[IWAR] NATO Purpose to curb Germany?

From: Michael Wilson (MWILSON/0005514706at_private)
Date: Sun Dec 07 1997 - 10:04:32 PST

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       Posted at 7:15 p.m. PST Saturday, December 6, 1997 
           Conference gives blunt reason for enlarging NATO: Curbs on Germany
       New York Times News Service
       WARSAW, Poland -- Using an argument little heard in the debate over NATO
       expansion in the United States, Zbigniew Brzezinski, the former national
       security adviser to Jimmy Carter, said Saturday that the absorption of
       three Central European nations into NATO resolved a problem that was
       considered ``impolite'' to mention: the ``disproportionate power'' of
       Brzezinski argued that the eastward expansion of the alliance placed
       Germany in a wider European framework, allowing it to be a ``good
       citizen'' toward Poland rather than a threatening neighbor.
       Speaking at a conference on German-Polish relations and the North
       Atlantic Treaty Organization, Brzezinski said that Polish-German
       reconciliation, which began soon after the collapse of Communism in
       1989, had assumed the geopolitical importance of the French-German
       reconciliation after World War II.
       ``Involving Germany in a wider framework,'' Brzezinski said, ``allows us
       to cope with Europe's central security problem of the 20th century: how
       to cope with the reality of Germany's power.''
       Brzezinski and former Secretary of State Henry A. Kissinger were joined
       here by the German defense minister, Volker Ruhe, and top Polish
       officials in a debate about the role of an expanded NATO. The
       conference, which ended Saturday, was sponsored by the German Marshall
       Fund, a Washington-based organization that promotes trans-Atlantic
       The basic reasons for expanding NATO have been explained by the Clinton
       administration during Senate hearings in grand terms of promoting a more
       secure and democratic Europe.
       The idea of taking three of the Soviet Union's former Central European
       satellites -- Poland, Hungary and the Czech Republic -- out of the
       Russian sphere of influence has also been mentioned.
       But Brzezinski and several German officials were more blunt. They said
       that containing a united Germany's overwhelming power within an enlarged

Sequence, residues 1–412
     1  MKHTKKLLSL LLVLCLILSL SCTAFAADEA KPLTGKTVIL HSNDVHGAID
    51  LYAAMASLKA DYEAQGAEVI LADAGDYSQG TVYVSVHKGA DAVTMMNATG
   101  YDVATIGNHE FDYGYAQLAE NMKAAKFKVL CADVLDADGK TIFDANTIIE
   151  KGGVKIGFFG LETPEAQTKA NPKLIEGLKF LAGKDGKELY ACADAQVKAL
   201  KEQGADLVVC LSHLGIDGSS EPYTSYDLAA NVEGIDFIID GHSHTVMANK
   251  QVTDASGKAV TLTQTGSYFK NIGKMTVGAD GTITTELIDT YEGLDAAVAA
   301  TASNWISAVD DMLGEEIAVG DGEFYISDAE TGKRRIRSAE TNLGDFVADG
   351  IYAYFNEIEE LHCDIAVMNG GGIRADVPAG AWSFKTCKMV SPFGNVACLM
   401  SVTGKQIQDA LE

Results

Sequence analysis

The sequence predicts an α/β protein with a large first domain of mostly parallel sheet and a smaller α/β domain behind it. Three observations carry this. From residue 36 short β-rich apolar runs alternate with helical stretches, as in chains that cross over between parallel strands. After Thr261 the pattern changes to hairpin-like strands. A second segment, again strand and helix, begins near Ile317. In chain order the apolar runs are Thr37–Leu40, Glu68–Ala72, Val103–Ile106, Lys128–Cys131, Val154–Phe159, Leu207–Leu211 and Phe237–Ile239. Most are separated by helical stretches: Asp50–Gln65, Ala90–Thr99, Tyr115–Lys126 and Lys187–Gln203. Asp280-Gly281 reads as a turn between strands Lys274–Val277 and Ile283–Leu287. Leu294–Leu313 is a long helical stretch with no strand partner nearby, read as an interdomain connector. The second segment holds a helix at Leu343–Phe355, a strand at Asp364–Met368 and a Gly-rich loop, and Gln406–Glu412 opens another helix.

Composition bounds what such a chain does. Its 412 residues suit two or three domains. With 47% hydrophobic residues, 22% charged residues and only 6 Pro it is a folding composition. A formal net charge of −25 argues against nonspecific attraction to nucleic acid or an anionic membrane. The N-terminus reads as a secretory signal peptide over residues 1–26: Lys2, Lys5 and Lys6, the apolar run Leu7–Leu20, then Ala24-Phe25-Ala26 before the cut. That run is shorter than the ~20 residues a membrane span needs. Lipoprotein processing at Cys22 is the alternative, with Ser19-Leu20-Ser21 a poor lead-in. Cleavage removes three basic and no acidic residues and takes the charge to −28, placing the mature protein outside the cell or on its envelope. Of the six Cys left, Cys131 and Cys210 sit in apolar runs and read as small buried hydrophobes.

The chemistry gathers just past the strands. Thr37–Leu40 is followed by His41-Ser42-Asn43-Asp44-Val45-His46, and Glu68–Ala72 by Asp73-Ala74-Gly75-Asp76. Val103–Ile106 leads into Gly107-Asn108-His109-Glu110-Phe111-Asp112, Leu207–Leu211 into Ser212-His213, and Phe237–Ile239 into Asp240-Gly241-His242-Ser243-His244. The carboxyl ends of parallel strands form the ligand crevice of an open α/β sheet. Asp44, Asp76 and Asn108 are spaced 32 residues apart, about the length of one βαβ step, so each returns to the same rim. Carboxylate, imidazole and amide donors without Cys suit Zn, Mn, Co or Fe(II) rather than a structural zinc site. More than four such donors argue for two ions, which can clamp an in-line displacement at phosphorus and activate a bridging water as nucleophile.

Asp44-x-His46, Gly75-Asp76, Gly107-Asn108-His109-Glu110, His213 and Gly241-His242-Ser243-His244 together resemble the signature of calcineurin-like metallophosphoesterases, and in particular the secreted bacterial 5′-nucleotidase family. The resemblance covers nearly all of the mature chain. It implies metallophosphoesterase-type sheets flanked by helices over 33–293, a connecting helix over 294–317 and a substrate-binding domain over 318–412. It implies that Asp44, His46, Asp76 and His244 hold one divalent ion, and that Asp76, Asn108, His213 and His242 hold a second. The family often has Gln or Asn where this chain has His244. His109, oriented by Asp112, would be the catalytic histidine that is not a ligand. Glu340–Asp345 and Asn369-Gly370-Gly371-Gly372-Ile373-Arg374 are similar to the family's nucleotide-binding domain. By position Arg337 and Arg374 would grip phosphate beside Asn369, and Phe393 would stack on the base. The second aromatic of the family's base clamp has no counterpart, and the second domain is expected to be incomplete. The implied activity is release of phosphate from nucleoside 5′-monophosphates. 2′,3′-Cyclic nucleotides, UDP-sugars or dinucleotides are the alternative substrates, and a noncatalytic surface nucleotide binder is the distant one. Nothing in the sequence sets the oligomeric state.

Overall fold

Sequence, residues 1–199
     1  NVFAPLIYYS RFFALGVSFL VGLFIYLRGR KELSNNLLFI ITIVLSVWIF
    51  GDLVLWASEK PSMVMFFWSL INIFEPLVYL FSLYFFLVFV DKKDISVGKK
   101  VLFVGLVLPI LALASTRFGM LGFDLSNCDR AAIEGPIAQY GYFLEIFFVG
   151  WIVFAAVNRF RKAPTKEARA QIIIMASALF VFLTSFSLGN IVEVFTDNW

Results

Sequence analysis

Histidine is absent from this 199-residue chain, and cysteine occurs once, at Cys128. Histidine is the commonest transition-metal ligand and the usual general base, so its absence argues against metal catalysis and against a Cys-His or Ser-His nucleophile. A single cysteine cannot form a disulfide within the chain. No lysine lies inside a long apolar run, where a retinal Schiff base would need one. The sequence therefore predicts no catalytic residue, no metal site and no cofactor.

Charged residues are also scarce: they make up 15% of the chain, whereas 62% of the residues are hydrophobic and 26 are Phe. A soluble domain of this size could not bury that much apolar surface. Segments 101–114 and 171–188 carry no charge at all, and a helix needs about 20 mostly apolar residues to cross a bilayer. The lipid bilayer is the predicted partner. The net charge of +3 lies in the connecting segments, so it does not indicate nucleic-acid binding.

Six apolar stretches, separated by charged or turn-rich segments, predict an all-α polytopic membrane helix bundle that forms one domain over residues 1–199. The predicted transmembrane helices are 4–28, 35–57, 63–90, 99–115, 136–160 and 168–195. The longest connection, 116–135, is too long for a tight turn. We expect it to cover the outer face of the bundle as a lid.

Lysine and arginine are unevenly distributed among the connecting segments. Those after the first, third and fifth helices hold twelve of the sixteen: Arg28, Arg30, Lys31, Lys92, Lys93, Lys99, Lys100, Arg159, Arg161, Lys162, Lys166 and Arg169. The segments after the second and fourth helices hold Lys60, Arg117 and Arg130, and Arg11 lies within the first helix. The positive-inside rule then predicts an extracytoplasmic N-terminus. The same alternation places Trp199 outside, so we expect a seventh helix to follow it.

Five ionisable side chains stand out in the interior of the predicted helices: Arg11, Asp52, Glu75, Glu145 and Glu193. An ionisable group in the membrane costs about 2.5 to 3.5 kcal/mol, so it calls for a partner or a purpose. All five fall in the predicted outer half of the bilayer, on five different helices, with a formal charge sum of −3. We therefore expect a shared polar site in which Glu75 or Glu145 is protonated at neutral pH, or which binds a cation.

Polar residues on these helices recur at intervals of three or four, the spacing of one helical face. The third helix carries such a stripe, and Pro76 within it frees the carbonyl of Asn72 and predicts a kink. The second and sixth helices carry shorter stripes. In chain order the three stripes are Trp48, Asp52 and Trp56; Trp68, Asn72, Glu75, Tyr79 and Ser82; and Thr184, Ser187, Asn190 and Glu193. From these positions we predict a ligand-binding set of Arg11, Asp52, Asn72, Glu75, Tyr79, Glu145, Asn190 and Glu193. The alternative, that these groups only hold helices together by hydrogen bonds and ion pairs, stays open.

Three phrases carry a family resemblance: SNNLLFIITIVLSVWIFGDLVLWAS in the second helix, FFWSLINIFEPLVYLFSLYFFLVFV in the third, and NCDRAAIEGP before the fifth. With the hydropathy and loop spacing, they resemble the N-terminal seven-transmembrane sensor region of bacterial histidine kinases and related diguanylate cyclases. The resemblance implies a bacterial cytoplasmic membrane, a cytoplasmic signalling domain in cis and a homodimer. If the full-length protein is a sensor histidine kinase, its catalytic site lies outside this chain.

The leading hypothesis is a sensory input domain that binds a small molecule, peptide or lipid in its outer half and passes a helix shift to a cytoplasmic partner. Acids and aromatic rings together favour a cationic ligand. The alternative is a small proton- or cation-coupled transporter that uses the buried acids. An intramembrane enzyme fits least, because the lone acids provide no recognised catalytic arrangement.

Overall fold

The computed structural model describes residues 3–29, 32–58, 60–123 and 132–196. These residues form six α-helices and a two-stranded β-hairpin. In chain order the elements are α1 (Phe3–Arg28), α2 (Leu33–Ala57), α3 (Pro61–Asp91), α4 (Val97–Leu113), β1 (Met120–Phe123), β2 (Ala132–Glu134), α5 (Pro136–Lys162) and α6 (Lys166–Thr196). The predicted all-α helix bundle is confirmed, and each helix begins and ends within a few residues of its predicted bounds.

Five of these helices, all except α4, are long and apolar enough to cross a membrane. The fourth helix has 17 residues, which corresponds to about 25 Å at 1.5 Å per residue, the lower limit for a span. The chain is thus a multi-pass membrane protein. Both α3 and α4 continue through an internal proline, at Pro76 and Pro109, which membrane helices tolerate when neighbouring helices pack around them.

NATO explained much of the German and Polish enthusiasm for the move
       A member of Germany's parliament, Voigt Karsten, who was involved with
       Ruhe in shaping Germany's advocacy for a wider NATO, said that much of
       the motivation came from preventing the power and influence of a united
       Germany from being used in a ``destructive way.''
       ``We wanted to bind Germany into a structure which practically obliges
       Germany to take the interests of its neighbors into consideration,''
       Karsten said. ``We wanted to give our neighbors assurances that we won't
       do what we don't intend to do anyway.''
       Fear of Germany to the west and of Russia to the east has dominated
       Poland for much of this century and before. More than 6 million Poles,
       including three million Polish Jews, were killed by the Nazis during the
       German occupation of Poland in World War II.
       After the reunification of Germany in 1990 Chancellor Helmut Kohl took a
       number of steps, starting with the formal recognition of the
       Polish-German border, long a source of dispute, to reconcile the two
       The growth in trust and cooperation and the explosion in trade and
       investment between the countries in the last seven years have surprised
       As a sign of the new trust, a Polish-German-Danish military corps is
       being formed that will work within NATO once Poland formally joins the
       alliance in 1999, said the Polish defense minister, Janusz Onyszkiewicz.
       The new Polish foreign minister, Bronislaw Geremek, a dissident during
       the Communist era who is Jewish and a historian by profession, described
       the new relationship between Germany and Poland as a ``historic
       ``For a man with my biography, it is a miracle,'' he said.
       Surveys show that the number of Poles who feel threatened by Germany has
       steadily dropped, even as most Poles say they remain uneasy about the
       territorial ambitions of Russia.
       Germany is now Poland's biggest trading partner. Last week, Poland's new
       prime minister, Jerzy Buzek, visited Germany and was told by Kohl that
       he would push hard to ease the way for Poland's membership in the
       European Union.
       Kissinger, who supports the expansion of NATO -- although he has
       expressed reservations about the role Russia has been given in a joint
       Russia-NATO council -- said that for America's self-interest, Poland was
       a useful addition.
       Poland, he said, was so pro-American that it would help insure that the
       United States remained embedded in the Atlantic alliance.
       Poland, he said, would ``never exclude the United States from European
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